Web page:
Set healthy boundaries. This is another tough one. As a people-pleaser you are used to your needs not being important to you. You are used to someone else's needs being your main focus. By doing this you don't create any personal boundaries and this is why it can be easy for someone who is abusive to walk all over you and well...abuse you. I totally understand that as I have been there myself. You may be unaware of what boundaries you need to set. First make a list of things that you are doing that make you unhappy or used, like getting a cup of coffee for a coworker, and rank them in order of importance. Then starting with the most significant items set a boundary around them. For example, if that coworker is always interrupting your work, asking you to get them a cup of coffee, then tell them no, next time. You don't have to be mean about it. You can just tell them that at this time you are busy and that they will have to get it themselves. This helps you stay true to yourself.
Spend time alone. As a society, we often say it is bad to spend time alone. We have become hyper-fixated on staying connected. We live in a digital world where we can make a connection with others in an instant which can be great, but it can also be overwhelming. It is important to take time to disconnect and be by yourself. This is when you can get in touch with your feelings and thoughts. For some people that can be a terrifying idea. They are afraid to feel their emotions so they have coped by always having a distraction, whether it's the TV always on or checking their phone constantly this is how they have survived. But this disconnection keeps them from being themselves. Yes emotions are powerful but they will pass. Think of an emotion as energy in motion. It will pass through you and you will probably feel better on the other side of it all.
You can't please everyone. This can be another tough pill to swallow especially for a people pleaser. The simple truth is you can't please everyone all of the time. Each person has different needs and acting a certain way to please one person may upset another person. Instead, be you and work on pleasing yourself.
Learn to be assertive and stand up for yourself. It is important to not let others dictate how you live your life. Being assertive will help you set boundaries and will make sure those boundaries are respected by those around you. Being assertive can feel scary if you have been abused. In the past standing up for yourself may have meant further abuse. My hope is that you are no longer in that situation and that you know that your needs and wants are just as important as everyone else. You can be assertive by being blunt and upfront, or you can be more subtle by using body language. Being assertive takes practice and it is an important life skill for everyone to master.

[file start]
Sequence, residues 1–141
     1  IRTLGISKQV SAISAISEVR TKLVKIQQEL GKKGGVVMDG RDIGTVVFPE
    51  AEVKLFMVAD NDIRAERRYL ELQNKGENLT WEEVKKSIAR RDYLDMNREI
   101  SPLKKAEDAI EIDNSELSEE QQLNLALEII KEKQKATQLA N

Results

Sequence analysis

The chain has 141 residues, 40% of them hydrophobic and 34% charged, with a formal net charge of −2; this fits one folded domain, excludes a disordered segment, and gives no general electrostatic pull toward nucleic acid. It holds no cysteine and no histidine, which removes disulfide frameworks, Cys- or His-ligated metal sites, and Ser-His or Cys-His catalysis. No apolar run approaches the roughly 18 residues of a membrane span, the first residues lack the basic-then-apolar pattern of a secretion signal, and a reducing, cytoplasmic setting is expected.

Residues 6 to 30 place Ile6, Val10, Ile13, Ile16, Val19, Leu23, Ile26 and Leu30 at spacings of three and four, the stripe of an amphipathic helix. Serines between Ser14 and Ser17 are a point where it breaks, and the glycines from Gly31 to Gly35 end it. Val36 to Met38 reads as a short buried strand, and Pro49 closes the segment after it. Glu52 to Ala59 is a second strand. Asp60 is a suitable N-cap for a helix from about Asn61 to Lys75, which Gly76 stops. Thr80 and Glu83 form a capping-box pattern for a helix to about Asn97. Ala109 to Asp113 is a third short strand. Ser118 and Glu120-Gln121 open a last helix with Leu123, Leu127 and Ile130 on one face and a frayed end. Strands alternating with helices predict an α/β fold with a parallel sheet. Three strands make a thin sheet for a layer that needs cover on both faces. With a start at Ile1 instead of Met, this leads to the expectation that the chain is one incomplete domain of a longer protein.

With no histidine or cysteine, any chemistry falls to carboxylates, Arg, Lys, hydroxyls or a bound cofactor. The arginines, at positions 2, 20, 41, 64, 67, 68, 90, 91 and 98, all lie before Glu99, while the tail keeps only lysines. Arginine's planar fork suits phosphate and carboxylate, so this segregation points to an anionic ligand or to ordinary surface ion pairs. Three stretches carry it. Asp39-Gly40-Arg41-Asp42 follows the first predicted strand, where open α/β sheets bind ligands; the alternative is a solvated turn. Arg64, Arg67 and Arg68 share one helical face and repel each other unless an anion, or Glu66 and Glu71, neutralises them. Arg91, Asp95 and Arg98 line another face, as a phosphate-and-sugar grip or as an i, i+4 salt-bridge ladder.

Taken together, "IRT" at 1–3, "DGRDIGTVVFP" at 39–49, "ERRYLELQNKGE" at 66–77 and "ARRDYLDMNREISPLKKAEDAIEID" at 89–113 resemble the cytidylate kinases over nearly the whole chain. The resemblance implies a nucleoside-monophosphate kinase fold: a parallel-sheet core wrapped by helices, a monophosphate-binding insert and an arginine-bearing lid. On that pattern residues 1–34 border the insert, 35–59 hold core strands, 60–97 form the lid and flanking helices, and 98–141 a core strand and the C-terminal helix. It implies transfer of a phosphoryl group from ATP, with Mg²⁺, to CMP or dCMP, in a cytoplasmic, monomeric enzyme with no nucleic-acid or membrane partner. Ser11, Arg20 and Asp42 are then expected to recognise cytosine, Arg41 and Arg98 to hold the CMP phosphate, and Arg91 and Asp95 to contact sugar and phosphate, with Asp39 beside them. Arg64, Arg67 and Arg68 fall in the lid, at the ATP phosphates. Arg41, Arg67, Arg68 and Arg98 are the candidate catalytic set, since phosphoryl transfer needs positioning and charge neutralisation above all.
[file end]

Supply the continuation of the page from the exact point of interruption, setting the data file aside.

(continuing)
Ask for help. Asking for help is a big step but it might be the most important step you ever take. I know that it can be scary. I understand that from being a client myself and as a therapist. Make sure you find someone that you easily connect with and that the services they offer fit what you are looking for. Know that you can book a free 30 mins Discovery Call (done via video) with me on this site, www.rhodestowellness.com and we can see if we are a good fit. No pressure and no commitment.
Lastly, remember that your happiness is important. It can be exhausting being a people-pleaser and this habit can lead to anxiety and depression. You are not just on this earth to fulfill other people's needs. You are also here to fulfill your own.
PS. I mentioned abuse a few times in this blog. If you are a survivor of abuse or are currently being abused please know that you are not alone. Besides running my own therapy business, I am also the Director of a Non-Profit called DASH-Domestic Abuse Survivor Help Inc. We offer online support to abuse survivors through our free Mentoring Program. We have a wonderful group of women who are survivors themselves, and they now offer guidance and support, via email, for as long as you need. If you would like to receive this support, please visit www.relationshipabuse-recovery.ca/get-support